The Sad Story Of DeMarcus Cousins

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The Sad Story Of DeMarcus Cousins

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When DeMarcus Cousins first tore his Achilles, there was still hope.

There was a path back to relevance, a plan that he could focus on.

That plan was to spend a season showcasing his game with the Warriors, use the national spotlight to convince teams he could still play, finally earn his big pay check the following year, and collect a ring in the process.

Of course, like with so many well-laid plans, things went awry.

Less than three months after returning from his Achilles injury, Cousins tore his quad, right as the playoffs were starting.

He returned just in time for the Finals, but outside of a strong showing in Game 2, he was completely out of sorts.

His supposedly guaranteed ring never arrived, and neither did his payday.

Things are now looking grim on the free agency front, really grim.

Earlier this week, Adrian Wojnarowski went on SportsCenter and reported there is currently “no market” for Cousins at all.

None.


Even the Knicks aren’t desperate enough to sign him.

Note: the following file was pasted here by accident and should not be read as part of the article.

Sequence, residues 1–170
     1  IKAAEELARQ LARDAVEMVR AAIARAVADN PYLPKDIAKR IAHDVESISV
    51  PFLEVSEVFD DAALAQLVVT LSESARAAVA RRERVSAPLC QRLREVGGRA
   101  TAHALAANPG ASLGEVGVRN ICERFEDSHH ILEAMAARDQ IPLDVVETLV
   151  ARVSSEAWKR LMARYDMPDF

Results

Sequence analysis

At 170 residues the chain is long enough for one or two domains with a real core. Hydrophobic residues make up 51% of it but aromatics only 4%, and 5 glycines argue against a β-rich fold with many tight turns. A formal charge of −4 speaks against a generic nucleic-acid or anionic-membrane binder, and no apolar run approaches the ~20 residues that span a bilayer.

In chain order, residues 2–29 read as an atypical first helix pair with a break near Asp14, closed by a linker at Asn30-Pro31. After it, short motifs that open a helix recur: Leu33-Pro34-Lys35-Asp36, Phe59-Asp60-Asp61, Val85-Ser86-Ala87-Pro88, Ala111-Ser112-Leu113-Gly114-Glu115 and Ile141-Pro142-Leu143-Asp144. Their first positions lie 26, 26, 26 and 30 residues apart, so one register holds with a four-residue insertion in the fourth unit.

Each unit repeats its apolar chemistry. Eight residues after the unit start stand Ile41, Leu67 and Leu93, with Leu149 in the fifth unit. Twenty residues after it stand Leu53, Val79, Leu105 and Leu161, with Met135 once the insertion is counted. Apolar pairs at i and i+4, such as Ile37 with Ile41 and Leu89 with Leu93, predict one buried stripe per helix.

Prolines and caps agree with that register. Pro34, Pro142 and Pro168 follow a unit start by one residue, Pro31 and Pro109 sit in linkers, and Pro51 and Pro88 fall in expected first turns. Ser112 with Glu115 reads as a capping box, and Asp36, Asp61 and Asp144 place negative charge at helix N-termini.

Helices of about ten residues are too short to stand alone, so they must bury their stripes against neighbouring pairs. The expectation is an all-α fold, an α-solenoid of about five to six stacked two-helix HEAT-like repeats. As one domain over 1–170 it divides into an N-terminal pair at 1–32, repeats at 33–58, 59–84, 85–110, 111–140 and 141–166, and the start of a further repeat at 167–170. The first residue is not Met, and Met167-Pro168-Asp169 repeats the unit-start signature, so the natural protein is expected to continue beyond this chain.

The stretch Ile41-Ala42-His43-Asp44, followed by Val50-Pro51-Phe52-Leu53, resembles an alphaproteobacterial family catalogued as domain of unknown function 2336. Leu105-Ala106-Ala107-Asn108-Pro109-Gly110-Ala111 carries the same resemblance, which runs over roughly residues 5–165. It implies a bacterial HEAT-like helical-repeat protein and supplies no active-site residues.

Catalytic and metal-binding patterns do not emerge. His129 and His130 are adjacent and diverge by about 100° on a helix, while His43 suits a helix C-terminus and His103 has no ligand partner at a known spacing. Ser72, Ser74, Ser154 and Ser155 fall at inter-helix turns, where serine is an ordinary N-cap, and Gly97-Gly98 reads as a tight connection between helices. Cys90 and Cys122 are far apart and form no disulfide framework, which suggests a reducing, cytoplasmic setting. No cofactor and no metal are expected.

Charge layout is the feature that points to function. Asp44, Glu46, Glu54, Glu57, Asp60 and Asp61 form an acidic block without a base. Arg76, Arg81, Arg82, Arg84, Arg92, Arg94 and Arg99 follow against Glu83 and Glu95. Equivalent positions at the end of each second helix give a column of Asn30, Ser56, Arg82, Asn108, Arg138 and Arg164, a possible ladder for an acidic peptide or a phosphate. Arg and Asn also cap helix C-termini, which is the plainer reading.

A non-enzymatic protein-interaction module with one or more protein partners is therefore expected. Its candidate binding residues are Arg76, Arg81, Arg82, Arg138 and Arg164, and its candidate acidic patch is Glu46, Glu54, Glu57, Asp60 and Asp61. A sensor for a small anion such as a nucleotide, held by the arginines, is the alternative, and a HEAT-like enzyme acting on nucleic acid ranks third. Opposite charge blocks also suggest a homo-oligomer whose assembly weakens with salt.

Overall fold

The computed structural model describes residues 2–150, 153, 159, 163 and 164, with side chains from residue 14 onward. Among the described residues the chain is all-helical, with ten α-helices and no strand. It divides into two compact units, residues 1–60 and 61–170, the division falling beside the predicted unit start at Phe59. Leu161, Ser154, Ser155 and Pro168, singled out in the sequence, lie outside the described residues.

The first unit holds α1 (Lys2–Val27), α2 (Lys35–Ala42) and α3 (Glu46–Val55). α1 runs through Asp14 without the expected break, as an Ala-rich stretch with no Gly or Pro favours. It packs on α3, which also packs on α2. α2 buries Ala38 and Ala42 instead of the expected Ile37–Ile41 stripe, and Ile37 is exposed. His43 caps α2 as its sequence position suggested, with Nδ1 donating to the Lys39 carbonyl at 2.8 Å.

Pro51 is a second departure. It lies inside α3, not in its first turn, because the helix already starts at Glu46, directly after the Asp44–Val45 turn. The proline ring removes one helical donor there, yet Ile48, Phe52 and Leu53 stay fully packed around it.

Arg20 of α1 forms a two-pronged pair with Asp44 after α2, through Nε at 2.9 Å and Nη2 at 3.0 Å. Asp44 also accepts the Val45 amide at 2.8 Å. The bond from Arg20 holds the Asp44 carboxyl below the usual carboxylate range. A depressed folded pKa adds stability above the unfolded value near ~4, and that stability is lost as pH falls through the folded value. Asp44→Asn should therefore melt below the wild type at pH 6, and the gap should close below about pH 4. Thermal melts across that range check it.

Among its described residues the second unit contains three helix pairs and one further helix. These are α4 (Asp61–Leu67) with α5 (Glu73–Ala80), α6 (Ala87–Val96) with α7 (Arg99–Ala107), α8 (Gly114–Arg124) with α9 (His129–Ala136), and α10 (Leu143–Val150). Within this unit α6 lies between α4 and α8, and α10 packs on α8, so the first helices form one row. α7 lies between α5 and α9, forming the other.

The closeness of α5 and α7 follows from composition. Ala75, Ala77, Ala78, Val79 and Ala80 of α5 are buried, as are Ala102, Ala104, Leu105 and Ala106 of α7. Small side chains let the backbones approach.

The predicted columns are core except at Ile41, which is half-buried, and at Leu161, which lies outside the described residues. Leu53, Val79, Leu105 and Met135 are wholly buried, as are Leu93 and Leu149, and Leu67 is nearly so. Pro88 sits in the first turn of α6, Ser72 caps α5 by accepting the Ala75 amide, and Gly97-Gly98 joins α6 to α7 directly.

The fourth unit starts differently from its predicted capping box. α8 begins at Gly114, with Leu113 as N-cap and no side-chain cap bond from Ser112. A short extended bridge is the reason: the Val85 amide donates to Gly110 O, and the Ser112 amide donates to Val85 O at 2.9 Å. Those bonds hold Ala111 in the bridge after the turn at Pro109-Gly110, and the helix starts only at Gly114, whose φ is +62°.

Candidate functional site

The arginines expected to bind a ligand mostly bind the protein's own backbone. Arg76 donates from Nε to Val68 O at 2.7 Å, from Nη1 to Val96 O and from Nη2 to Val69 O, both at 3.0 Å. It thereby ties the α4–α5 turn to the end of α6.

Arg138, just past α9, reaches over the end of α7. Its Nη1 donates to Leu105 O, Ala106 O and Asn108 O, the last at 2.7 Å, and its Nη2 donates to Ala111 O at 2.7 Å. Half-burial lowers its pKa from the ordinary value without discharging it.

Teams have cottoned on to the fact that post-injury Cousins is likely to bring 100% of the drama with about 40% of the production.

Much like Isaiah Thomas before him, Boogie may now go his entire career without ever landing his big payday.

The only contracts Cousins has ever signed are his rookie deal and his four-year, $65.6M rookie scale extension.

For context, Terry freaking Rozier is now about to earn a shade under $60M, and in three years instead of four.

The NBA’s salary boom is passing Cousins by.

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It feels like a lifetime ago now, but remember, Cousins was putting up 25, 13 and 5 right before his Achilles gave way.

Had he never suffered that injury, he would have netted a deal somewhere in the range of $120M-$140M last summer, just like Paul George, Chris Paul and Nikola Jokic did.

Cousins probably could have commanded another similar deal after that too, meaning he could be missing out on a total of $240M or more.

And just to rub salt into the wounds, Cousins had the chance to at least salvage $40M with the two-year deal the Pelicans offered him after his injury last summer.


But he knocked it back, believing he could work his way back towards max money.

It was a gamble which backfired spectacularly.

And with hardly anyone ever able to properly recover from an Achilles tear, the season just gone won’t be the last time Cousins has to settle for a modest contract.

In fact, it will likely become his new normal.

For more Basketball Forever content, follow @bballforeverfb and @nickjungfer.

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